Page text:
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8 Reasons u.s. Trade and Immigration Policies--Not "Lax Immigration Enforcement"--Have Caused Migration from Central America

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The mass migration of children from Central America has been at the center of a political firestorm over the past few weeks. The mainstream media has run dozens of stories blaming families, especially mothers, for sending or bringing their children north from Central America. The president himself lectured them, as though they were simply bad parents. "Do not send your children to the borders," Obama said last week. "If they do make it, they'll get sent back. More importantly, they may not make it."

Meanwhile, the story is being manipulated by the Tea Party and conservative Republicans to attack Obama's executive action deferring the deportation of young people, along with any possibility he might expand it╤the demand of many immigrant rights advocates.  More broadly, the Right wants to shut down any immigration reform that includes legalization, and instead is gunning for harsher enforcement measures. Even Marine Corps Gen. John Kelly, commander of U.S. Southern Command, has sought to frame migration as a national security threat, calling it a "crime-terror convergence," and describing it as "an incredibly efficient network along which anything - hundreds of tons of drugs, people, terrorists, potentially weapons of mass destruction or children - can travel, so long as they can pay the fare."

This push for greater enforcement ignores the real reasons families take the desperate measure of leaving home and trying to cross the border.  Media coverage focuses on gang violence in Central America, as though it was spontaneous and unrelated to a history of U.S.-promoted wars and a policy of mass deportations.

U.S. foreign and immigration policy is responsible for much of the pressure causing this flow of people from Central America. These eight facts, ignored by the mainstream press and the president, document that culpability, and point out the need for change.

1. There is no "lax enforcement" on the U.S./Mexico border. There are over 20,000 members of the Border Patrol, the largest number in history. We have walls and a system of detention centers that didn't exist just 15 years ago. Now more than 350,000 people spend some time in an immigrant detention center every year. The U.S. spends more on immigration enforcement than all other enforcement activities of the federal government combined, including the FBI, the Drug Enforcement Administration and the Bureau of Alcohol, Tobacco, Firearms and Explosives. The growing numbers of people in detention╤young people as well as families and adults╤ is being used as a pretext by the anti-immigrant lobby in Washington, including the Tea Party and the Border Patrol itself, for demanding increases in the budget for enforcement. The Obama administration has given way before this pressure.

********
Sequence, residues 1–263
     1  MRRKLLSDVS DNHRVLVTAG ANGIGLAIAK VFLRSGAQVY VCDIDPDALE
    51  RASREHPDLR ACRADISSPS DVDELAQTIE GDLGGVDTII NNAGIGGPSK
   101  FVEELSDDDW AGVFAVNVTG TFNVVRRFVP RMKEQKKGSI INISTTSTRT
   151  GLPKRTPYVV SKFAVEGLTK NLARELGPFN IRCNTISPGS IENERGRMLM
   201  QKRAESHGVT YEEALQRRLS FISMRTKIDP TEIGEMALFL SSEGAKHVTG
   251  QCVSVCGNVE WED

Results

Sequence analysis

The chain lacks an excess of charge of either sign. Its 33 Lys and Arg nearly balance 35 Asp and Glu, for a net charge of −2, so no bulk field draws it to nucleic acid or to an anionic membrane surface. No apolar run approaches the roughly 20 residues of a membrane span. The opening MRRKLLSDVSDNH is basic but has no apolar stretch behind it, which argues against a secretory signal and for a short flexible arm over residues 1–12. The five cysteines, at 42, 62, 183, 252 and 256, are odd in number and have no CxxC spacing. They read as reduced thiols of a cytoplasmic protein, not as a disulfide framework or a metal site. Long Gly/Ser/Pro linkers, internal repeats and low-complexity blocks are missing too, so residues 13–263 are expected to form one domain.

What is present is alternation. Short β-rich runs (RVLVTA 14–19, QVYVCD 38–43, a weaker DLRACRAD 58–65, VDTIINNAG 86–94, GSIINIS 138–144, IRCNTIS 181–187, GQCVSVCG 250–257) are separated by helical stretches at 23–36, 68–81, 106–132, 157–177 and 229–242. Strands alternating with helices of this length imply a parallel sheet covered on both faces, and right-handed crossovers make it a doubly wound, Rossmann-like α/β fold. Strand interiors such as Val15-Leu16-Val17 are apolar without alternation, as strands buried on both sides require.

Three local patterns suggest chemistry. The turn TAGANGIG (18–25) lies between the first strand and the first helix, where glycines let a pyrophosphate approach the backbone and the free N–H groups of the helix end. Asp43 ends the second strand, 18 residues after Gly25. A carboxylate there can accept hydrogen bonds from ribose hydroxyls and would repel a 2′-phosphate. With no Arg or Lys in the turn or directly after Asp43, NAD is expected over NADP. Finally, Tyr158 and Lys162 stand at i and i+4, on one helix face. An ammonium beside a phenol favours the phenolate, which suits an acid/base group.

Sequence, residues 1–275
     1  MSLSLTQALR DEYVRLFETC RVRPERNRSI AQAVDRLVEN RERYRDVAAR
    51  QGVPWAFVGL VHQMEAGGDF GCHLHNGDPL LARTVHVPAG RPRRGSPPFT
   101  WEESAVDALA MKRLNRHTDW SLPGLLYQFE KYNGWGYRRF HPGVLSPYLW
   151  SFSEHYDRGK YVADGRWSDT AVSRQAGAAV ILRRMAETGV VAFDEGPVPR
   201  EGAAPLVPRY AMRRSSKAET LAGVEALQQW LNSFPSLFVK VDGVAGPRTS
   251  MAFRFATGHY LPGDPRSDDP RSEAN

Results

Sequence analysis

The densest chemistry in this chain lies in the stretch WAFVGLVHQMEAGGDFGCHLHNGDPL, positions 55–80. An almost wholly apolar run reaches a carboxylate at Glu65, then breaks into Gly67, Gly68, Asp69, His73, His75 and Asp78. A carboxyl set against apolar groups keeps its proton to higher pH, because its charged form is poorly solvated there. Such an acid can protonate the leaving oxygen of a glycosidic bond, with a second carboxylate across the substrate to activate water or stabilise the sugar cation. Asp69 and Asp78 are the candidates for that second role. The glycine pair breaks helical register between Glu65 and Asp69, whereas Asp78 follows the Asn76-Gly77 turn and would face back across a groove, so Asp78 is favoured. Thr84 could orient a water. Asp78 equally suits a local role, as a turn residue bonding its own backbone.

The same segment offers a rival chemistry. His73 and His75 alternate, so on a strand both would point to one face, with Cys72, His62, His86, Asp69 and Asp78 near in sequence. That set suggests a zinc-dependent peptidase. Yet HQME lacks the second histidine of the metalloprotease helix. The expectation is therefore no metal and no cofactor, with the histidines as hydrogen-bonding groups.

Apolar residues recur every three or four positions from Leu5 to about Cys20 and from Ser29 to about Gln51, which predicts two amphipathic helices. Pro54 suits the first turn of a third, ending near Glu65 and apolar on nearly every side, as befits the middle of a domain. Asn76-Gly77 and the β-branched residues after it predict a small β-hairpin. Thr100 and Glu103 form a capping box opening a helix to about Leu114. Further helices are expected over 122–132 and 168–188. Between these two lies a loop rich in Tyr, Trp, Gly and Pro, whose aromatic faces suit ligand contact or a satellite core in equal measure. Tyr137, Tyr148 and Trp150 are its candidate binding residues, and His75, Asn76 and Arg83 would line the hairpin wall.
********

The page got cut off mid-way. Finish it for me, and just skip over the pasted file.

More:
2. The migration of children and families didn╒t just start recently. It has been going on for a long time, although the numbers are increasing. The tide of migration from Central America goes back to wars that the U.S. promoted in the 1980s, in which we armed the forces, governments or contras, who were most opposed to progressive social change. Two million Salvadorans alone came to the U.S. during the late 1970s and 80s, to say nothing of Guatemalans and Nicaraguans. Whole families migrated, but so did parts of families, leaving loved ones behind with the hope that some day they'd be reunited.

3. The recent increase in the numbers of migrants is not just a response to gang violence, although this is virtually the only reason given in U.S. media coverage. Growing migration is as much or more a consequence of the increasing economic crisis for rural people in Central America and Mexico, as well as the failure of those economies to produce jobs. People are leaving because they can't survive where they are.

4. The failure of Central America's economies is mostly due to the North American and Central American Free Trade Agreements and their accompanying economic changes, including privatization of businesses, the displacement of communities by foreign mining projects and cuts in the social budget. The treaties allowed huge U.S. corporations to dump corn and other agricultural products in Mexico and Central America, forcing rural families off their lands when they could not compete.

5. When governments or people have resisted NAFTA and CAFTA, the United States has threatened reprisals. Right-wing Congressman Tom Tancredo (R-Colo.) put forward a measure in 2004 to cut off the flow of remittances (money sent back to Salvadoran families from family members working in the U.S.) if people voted for a leftwing party, the FMLN, in El Salvador's national elections. Otto Reich, a violently anti-communist Cuban who was Assistant Secretary of State for Western Hemisphere Affairs, said the U.S. government was "concerned about the impact that an FMLN victory could have on the commercial, economic, and migration-related relations of the U.S. with El Salvador." Salvadoran papers were full of the threat, especially those on the right, and the FMLN lost.  In 2009 a tiny wealthy elite in Honduras overthrew President Manuel Zelaya because he raised the minimum wage, gave subsidies to small farmers, cut interest rates and instituted free education.  The Obama administration gave a de facto approval to the coup regime that followed. If social and political change had taken place in Honduras, we would see far fewer Hondurans trying to come to the U.S.    


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